The dermis is divided into the papillary, median and deep regions. Numerous blood and lymph vessels run into the dermis, and various nerve structures and the cutaneous appendages are present. The important appendages are the hair follicles, the sebaceous glands and the sweat glands. The cells present in the dermis are of various types, the important ones being fibrocytes, histiocytes, mast cells and melanocytes.

The hypodermis or subcutaneous layer is composed of a loose connective tissue which delimits spaces containing numerous adipocytes.

Wrinkles are essentially caused by facial expressions, as a result of a reflex action of the facial muscles, or by ageing, as a result of the irreversible slackening of the skin.

Expression wrinkles also appear on the faces of young people, due to a reflex action of the facial muscles. These expression wrinkles or “creases” are different from those due to ageing, because they appear on an epidermis which has not lost its normal elasticity. Some particularly emotional persons have many creases or wrinkles on their faces, which from time to time, and often involuntarily, reflect all the emotions felt by these persons.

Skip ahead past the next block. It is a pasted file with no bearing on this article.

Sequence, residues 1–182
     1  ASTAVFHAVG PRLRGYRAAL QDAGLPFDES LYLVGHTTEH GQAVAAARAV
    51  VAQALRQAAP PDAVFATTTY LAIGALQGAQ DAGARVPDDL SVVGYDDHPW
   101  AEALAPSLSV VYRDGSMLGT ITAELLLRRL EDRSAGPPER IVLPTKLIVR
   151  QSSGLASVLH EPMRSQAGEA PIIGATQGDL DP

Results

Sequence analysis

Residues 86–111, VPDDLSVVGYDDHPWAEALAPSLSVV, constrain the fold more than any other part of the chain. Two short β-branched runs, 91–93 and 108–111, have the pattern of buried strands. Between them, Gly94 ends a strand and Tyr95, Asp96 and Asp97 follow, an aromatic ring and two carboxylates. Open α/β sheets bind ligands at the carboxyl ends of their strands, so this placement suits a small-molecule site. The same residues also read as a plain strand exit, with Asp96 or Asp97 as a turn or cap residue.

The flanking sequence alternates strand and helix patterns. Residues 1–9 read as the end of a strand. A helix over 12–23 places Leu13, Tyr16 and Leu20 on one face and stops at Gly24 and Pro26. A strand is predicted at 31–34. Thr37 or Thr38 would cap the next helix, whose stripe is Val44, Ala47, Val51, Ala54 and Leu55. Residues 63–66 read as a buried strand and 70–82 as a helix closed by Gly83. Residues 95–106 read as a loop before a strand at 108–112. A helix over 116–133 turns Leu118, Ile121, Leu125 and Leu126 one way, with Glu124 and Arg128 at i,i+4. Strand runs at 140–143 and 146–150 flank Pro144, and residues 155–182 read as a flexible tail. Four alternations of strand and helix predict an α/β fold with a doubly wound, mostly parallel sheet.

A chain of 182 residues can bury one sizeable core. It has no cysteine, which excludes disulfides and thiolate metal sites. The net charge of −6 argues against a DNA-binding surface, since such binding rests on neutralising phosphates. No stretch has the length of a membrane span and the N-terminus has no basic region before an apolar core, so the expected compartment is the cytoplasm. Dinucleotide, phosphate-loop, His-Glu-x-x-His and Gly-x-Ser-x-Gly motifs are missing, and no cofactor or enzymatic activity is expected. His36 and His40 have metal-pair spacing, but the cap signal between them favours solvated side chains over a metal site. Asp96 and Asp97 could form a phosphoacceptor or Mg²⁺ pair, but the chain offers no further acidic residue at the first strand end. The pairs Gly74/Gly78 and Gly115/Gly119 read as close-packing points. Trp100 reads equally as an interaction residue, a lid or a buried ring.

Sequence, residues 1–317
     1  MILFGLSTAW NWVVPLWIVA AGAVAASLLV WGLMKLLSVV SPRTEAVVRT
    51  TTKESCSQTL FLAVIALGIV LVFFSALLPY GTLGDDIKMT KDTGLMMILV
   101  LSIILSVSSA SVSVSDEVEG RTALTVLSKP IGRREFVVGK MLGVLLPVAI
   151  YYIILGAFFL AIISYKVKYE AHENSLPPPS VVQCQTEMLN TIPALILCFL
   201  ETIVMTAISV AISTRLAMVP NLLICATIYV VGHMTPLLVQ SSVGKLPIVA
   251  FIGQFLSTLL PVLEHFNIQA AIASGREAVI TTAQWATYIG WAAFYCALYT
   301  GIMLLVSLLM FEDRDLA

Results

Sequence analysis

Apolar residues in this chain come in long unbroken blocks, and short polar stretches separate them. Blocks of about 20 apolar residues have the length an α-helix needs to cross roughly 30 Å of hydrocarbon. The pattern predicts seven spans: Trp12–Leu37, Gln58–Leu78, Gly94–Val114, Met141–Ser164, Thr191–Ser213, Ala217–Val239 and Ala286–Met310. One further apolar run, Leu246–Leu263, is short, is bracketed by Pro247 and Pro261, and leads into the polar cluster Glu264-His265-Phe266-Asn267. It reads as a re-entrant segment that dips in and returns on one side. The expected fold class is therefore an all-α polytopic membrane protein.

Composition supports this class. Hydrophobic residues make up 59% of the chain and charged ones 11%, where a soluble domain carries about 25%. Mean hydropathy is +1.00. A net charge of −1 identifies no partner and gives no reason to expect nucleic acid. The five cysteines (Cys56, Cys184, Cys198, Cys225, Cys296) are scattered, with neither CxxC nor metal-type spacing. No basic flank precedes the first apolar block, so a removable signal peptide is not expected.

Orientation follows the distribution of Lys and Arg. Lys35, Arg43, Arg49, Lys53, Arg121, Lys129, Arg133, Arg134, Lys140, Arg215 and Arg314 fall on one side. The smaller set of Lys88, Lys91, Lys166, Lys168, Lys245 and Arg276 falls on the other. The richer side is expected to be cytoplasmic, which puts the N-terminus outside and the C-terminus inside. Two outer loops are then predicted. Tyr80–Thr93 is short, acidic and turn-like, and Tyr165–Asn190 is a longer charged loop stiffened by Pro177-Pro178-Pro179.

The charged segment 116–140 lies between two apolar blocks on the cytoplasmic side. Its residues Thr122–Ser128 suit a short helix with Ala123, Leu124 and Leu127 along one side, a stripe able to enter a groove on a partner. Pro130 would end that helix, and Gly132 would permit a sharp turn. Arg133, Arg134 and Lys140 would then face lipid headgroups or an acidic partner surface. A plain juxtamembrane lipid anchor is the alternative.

On the other hand, wrinkles due to ageing are caused by the slackening of the skin, the reduction of the quantity of intra- and intercellular liquid and the qualitative and quantitative modification of the cellular fatty acids. The phenomenon begins to appear from puberty, but only becomes appreciable at around 30 years, with the appearance of the first wrinkles at the sides of the mouth, under the eyelids and on the forehead.